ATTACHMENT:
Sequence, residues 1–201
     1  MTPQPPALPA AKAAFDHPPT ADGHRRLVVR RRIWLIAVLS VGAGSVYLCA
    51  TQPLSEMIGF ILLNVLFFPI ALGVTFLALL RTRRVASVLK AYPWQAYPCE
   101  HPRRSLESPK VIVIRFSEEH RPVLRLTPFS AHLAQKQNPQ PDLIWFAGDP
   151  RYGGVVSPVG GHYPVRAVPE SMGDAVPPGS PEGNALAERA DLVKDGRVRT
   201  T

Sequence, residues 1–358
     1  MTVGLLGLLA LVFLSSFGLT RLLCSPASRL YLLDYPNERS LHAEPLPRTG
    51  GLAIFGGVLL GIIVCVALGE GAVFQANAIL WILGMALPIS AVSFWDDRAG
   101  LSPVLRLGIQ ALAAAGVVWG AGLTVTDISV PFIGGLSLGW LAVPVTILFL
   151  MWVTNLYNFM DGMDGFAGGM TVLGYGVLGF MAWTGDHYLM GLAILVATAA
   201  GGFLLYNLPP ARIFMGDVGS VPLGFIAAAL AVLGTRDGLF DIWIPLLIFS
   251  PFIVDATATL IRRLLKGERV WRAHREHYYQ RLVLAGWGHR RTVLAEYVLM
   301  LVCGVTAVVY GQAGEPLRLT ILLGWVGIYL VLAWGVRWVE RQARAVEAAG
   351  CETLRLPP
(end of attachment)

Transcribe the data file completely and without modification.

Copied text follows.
Sequence, residues 1–201
     1  MTPQPPALPA AKAAFDHPPT ADGHRRLVVR RRIWLIAVLS VGAGSVYLCA
    51  TQPLSEMIGF ILLNVLFFPI ALGVTFLALL RTRRVASVLK AYPWQAYPCE
   101  HPRRSLESPK VIVIRFSEEH RPVLRLTPFS AHLAQKQNPQ PDLIWFAGDP
   151  RYGGVVSPVG GHYPVRAVPE SMGDAVPPGS PEGNALAERA DLVKDGRVRT
   201  T

Sequence, residues 1–358
     1  MTVGLLGLLA LVFLSSFGLT RLLCSPASRL YLLDYPNERS LHAEPLPRTG
    51  GLAIFGGVLL GIIVCVALGE GAVFQANAIL WILGMALPIS AVSFWDDRAG
   101  LSPVLRLGIQ ALAAAGVVWG AGLTVTDISV PFIGGLSLGW LAVPVTILFL
   151  MWVTNLYNFM DGMDGFAGGM TVLGYGVLGF MAWTGDHYLM GLAILVATAA
   201  GGFLLYNLPP ARIFMGDVGS VPLGFIAAAL AVLGTRDGLF DIWIPLLIFS
   251  PFIVDATATL IRRLLKGERV WRAHREHYYQ RLVLAGWGHR RTVLAEYVLM
   301  LVCGVTAVVY GQAGEPLRLT ILLGWVGIYL VLAWGVRWVE RQARAVEAAG
   351  CETLRLPP